President Obama said Tuesday that recent stimulus measures "are starting to generate signs of economic progress," but more tough times are ahead.
The White House described Obama’s speech as a major address on the economy. “The Recovery Act, the bank capitalization program, the housing plan, the strengthening of the nonbank credit market, the auto plan and our work at the [Group of 20 summit] have been necessary pieces of the recovery puzzle,” Obama said in a speech at Georgetown University in Washington. But economic improvements do “not mean that hard times are over — 2009 will continue to be a difficult year for America’s economy. … The severity of this recession will cause more job loss, more foreclosures and more pain before it ends.” He also offered a fierce defense of pricey government actions to prop up tottering banks and clean their books of toxic assets. “Of course, there are some who argue that the government should stand back and simply let these banks fail – especially since in many cases it was their bad decisions that helped create the crisis in the first place,” he said. “The truth is that a dollar of capital in a bank can actually result in eight or ten dollars of loans to families and businesses, a multiplier effect that can ultimately lead to a faster pace of economic growth.” CNN contributor and Republican strategist Ed Rollins said Tuesday that Obama needs to remind the country that the economy is steadily moving forward. He also needs to provide encouragement, considering that Wednesday is tax day, Rollins said. “A lot of people think about money and their own personal finances when you basically sign your name on that dotted line and send your tax dollars in, so to a certain extent it’s a good time,” he said.
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The president has struck a more optimistic tone in recent days, saying Friday that he was starting to see “glimmers of hope in the economy,” partly as a result of his administration’s actions. Watch as Obama says road projects are coming in ahead of schedule » “I think there are a few glimmers of hope,” Chrystia Freeland, the U.S. managing editor of the Financial Times, said Tuesday. “There are some good signs, and also the stimulus is starting to work. That’s a huge amount of money that the government is pumping into the economy. It has to have some impact, and it is. But I think it would be far too early to declare a victory,” Freeland said. Obama signed into law his $787 billion economic stimulus plan in mid-February, calling it the “beginning of the end” of the country’s economic woes. Nearly six in 10 respondents, or 58 percent, think Obama has a clear plan to get the economy back on track, according to a CNN/Opinion Research Corp. poll released Tuesday. That figure is more than double the 24 percent who think that Republicans in Congress have a clear plan on the economy. Nearly three in four polled said the GOP doesn’t have a clear economic plan. Read more on the poll Federal Reserve Chairman Ben Bernanke was expected to say Tuesday that he sees “tentative signs” that the economic decline is easing. “A leveling out of economic activity is the first step toward recovery. To be sure, we will not have a sustainable recovery without a stabilization of our financial system and credit markets,” Bernanke planned to say in a speech at Morehouse College in Atlanta, Georgia, according to excerpts of his address. “I am fundamentally optimistic about our economy,” the excerpts say. “Today’s economic conditions are difficult, but the foundations of our economy are strong, and we face no problems that cannot be overcome with insight, patience and persistence.” Lakshman Achuthan, managing director of the Economic Cycle Research Institute, said leading indicators such as the stock market and growth rate suggest that things may have bottomed out and the economy could be turning around. “When you see that sequence, it foretells that essentially the worst may be upon us right here. So you’re still going to see bad unemployment numbers and things of that nature, but forward looking, there are objective signs of hope,” Achuthan said.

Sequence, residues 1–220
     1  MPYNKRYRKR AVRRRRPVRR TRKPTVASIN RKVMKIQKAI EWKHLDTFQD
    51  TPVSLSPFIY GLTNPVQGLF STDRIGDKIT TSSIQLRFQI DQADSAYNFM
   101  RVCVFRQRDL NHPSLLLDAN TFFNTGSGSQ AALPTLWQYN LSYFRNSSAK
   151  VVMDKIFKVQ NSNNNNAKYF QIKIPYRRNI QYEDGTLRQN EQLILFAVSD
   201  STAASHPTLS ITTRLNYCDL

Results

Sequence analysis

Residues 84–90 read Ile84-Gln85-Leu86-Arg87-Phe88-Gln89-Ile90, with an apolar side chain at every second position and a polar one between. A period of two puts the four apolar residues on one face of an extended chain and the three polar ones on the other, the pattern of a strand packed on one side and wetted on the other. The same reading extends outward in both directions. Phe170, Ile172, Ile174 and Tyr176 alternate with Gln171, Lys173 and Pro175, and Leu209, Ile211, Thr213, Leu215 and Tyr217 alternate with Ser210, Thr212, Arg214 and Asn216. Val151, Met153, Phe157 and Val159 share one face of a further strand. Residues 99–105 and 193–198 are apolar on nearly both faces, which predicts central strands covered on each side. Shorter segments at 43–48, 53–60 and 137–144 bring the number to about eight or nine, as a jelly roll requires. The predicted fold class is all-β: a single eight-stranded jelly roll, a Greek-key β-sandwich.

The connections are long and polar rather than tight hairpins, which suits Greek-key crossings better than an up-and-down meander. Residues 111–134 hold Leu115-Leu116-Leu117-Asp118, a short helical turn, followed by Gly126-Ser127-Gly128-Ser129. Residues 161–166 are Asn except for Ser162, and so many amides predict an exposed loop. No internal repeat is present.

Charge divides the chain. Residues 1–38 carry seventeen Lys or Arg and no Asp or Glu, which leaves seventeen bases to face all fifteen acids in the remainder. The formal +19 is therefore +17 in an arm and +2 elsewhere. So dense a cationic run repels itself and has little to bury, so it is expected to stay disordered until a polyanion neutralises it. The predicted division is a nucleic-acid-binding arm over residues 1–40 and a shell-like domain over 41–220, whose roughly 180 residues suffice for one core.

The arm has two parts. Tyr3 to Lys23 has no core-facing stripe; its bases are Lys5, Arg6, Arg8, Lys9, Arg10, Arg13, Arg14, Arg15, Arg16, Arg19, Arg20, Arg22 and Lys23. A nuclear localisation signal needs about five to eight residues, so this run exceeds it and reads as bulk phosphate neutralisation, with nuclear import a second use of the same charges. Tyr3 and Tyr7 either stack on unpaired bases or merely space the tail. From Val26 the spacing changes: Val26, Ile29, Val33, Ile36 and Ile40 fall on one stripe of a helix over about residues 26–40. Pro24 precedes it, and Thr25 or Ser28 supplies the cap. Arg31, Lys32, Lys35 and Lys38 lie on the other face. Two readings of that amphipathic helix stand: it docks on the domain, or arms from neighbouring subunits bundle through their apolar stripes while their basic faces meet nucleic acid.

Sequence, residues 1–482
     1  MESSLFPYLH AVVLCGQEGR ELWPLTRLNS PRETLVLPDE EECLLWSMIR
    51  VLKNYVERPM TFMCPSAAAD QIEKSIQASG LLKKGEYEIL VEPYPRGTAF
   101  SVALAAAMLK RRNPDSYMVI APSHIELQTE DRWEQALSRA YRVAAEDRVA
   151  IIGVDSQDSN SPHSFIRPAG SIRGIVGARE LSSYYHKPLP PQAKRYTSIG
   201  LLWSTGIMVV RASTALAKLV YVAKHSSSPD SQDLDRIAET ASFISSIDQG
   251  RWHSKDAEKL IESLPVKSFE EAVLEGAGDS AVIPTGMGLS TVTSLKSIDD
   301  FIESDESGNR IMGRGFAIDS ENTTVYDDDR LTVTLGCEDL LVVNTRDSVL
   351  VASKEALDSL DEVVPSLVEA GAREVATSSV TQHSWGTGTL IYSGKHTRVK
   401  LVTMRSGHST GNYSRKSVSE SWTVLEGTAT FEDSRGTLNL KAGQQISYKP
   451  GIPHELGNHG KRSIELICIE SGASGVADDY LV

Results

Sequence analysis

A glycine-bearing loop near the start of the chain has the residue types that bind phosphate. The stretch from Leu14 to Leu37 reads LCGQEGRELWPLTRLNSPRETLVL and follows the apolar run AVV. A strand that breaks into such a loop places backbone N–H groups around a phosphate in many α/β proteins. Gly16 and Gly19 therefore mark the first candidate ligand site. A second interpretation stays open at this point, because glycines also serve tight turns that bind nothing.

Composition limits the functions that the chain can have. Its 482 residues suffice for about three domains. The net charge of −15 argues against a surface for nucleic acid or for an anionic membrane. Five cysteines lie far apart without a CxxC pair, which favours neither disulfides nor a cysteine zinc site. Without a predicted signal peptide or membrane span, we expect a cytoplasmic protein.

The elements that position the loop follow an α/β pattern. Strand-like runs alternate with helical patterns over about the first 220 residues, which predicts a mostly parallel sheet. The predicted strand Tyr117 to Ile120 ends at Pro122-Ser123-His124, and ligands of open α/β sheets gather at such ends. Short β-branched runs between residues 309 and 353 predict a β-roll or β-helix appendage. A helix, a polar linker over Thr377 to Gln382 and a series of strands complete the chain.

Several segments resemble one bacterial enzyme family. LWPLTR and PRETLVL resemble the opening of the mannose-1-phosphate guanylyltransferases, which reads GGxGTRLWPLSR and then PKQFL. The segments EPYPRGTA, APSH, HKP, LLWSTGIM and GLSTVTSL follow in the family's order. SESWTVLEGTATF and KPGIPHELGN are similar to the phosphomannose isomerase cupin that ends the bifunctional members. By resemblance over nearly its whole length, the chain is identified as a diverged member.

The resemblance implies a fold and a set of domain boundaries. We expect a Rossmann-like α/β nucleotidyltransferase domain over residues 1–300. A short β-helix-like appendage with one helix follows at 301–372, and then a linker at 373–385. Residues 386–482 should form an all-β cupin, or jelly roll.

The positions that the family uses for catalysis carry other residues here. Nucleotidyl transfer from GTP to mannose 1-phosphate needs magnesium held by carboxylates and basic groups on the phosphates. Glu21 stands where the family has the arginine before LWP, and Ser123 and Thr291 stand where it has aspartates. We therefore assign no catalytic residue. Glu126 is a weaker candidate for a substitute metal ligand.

But he noted there’s no clear science when it comes to the economy because there are “human beings involved and we have all these crazy emotions.” “Preceding this crisis, we all had a huge error collectively of optimism, and following the crisis, just as the recovery is happening, we’re all collectively going to have a big error of pessimism. It’s the way it’s worked since the beginning of time, and it will work this time, too,” he said.